“Oh No, My Patient is a Physician!” Hurdles When Treating Physician-Patients

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Caring for physician-patients can be a challenge…


Control is a powerful tool and can affect every aspect of daily life. Within the medical field the term control has its own implications, especially when treating patients. There is an unspoken bond that control is relinquished by the patient and given to the physician in hopes of recovering from the illness. What happens when the physician is the one in need of treatment? What happens when the physician perceives themself as ill and weak?

Physician-patients can be very reluctant to give control of their medical health to another person. The general public is taught from a young age that “the illness belongs to the patient” and that physicians are supposed to be invulnerable.1 When they are sick, they can be in a world of denial and feel forced to bear the torment of their illness alone. Therefore, physicians may delay seeking medical help; when they do, they may also project their own feelings onto the treating physician, or transference. On the other hand, it is very easy for the treating physicians to project their own feelings onto the physician-patient, or countertransference.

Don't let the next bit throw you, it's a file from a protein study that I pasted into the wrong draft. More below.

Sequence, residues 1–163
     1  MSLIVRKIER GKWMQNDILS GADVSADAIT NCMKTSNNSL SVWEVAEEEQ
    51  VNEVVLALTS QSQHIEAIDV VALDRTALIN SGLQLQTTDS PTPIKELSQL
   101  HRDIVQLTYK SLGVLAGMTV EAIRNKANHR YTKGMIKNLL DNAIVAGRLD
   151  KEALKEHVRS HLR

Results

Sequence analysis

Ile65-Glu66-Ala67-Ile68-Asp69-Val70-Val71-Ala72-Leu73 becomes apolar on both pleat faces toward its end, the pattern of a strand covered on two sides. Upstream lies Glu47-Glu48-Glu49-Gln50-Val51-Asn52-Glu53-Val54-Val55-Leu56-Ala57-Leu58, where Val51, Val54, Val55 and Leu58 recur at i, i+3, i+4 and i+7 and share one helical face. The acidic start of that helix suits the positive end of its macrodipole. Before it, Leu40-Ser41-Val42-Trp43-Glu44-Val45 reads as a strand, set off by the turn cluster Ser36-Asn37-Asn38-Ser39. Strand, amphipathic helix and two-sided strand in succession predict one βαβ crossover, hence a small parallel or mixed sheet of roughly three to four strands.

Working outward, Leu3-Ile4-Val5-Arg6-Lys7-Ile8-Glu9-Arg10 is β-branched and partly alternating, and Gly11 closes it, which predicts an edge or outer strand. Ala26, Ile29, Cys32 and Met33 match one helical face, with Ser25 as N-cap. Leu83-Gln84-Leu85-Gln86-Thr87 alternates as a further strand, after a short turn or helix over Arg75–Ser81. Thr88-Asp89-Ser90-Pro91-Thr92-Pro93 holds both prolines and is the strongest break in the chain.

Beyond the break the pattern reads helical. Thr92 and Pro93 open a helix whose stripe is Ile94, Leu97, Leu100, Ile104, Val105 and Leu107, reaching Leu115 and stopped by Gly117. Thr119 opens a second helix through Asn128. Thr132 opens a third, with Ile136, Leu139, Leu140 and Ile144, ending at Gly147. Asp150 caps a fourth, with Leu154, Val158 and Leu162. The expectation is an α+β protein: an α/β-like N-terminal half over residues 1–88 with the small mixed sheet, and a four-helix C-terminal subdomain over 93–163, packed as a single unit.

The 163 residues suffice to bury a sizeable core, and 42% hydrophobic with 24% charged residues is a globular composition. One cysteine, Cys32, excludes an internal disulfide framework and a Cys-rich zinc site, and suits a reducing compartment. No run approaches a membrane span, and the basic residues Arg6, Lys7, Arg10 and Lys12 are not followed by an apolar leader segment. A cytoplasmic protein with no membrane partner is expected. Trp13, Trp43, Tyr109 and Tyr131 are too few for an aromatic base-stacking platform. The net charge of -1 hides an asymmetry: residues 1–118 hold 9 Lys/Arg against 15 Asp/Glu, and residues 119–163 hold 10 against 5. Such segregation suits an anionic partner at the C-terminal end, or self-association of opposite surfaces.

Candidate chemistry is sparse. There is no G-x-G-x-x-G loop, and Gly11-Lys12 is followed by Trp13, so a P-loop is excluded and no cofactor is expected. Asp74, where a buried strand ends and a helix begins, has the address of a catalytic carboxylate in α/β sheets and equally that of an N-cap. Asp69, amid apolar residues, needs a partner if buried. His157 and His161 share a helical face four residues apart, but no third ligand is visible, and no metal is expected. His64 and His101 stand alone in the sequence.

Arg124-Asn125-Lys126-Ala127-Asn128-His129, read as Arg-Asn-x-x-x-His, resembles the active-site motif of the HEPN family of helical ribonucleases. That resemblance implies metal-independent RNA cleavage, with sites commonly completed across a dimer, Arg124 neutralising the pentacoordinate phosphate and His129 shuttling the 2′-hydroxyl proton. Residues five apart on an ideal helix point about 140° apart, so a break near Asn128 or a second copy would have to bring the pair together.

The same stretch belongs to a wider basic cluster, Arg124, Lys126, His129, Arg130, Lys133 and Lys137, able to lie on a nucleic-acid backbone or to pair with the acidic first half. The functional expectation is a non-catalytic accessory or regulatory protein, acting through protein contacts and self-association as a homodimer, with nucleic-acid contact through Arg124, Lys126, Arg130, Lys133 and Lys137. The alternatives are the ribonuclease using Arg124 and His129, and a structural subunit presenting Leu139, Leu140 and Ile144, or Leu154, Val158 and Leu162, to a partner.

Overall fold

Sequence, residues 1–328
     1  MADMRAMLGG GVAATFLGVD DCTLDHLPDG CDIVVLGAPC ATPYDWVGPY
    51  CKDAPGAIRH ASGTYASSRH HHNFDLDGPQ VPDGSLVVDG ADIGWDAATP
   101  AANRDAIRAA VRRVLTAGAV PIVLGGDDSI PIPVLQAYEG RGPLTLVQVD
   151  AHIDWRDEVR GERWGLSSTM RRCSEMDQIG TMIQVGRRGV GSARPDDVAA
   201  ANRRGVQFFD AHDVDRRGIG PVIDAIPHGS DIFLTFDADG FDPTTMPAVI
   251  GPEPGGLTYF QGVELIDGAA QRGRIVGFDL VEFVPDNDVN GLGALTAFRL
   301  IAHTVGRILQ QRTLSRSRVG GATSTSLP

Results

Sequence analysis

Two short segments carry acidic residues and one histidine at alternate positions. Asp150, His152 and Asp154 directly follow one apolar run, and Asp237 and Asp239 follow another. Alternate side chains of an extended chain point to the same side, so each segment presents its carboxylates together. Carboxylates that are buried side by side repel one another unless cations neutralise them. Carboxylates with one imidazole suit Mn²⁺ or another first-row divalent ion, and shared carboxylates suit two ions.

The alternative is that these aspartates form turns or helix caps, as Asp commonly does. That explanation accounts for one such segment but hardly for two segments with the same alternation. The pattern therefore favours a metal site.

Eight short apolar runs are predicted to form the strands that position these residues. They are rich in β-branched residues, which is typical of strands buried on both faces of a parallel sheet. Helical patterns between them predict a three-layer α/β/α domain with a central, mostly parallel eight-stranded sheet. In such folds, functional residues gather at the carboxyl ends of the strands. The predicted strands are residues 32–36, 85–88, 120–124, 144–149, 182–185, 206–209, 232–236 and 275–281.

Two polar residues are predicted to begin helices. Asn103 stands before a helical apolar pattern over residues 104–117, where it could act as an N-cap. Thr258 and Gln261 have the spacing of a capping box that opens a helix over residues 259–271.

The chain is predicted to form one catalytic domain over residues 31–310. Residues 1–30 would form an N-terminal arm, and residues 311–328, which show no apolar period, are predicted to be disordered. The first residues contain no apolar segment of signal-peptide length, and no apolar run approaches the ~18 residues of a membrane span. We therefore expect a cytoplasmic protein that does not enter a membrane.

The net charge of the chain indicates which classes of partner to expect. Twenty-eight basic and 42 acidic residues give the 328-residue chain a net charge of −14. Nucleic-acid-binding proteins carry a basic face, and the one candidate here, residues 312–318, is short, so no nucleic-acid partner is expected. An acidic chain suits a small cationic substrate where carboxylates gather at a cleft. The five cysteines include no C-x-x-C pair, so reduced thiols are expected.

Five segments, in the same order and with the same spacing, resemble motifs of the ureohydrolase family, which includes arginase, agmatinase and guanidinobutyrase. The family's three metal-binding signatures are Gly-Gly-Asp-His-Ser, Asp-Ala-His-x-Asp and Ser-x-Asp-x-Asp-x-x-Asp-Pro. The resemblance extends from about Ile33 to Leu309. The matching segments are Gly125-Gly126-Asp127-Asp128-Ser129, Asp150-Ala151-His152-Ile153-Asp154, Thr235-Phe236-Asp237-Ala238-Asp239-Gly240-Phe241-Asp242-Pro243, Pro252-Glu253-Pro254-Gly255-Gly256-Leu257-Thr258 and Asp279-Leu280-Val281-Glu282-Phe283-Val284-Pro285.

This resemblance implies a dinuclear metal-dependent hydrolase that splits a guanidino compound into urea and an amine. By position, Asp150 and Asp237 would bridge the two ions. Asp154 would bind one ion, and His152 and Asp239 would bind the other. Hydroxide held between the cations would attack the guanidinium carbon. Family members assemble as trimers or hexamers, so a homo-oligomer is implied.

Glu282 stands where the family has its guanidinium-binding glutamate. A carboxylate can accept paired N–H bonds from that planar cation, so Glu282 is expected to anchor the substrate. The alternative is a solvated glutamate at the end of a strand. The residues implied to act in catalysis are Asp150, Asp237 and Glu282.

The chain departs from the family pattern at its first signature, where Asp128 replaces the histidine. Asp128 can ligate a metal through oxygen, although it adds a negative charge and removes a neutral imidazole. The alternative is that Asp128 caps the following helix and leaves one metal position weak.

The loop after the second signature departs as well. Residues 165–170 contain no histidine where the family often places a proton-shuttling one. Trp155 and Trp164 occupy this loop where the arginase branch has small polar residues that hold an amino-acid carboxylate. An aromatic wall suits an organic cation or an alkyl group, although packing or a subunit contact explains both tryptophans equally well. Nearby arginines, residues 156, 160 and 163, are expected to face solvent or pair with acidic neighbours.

This article will discuss the characteristics of a good physician; the different dynamics and challenges that arise when treating physician-patients, especially during the era of COVID-19 when physicians feel increased moral obligations to their patients; and strategies to resolve this dilemma.


It is important to first discuss what characteristics make a good physician and a good patient. A good physician is said to be competent, altruistic, responsible, and empathetic.2 From the beginning of their medical training, physicians are taught to be “resilient, collaborative, scientifically adept.”3 Meanwhile, a good patient is seen as “someone who listens, follows directions, asks relevant questions, shows trust in his or her doctor and ‘massages’ the doctor’s ego.”4 Although physician-patients theoretically are supposed to encompass all traits of a good physician and a good patient, a degree of antagonism between these traits can arise.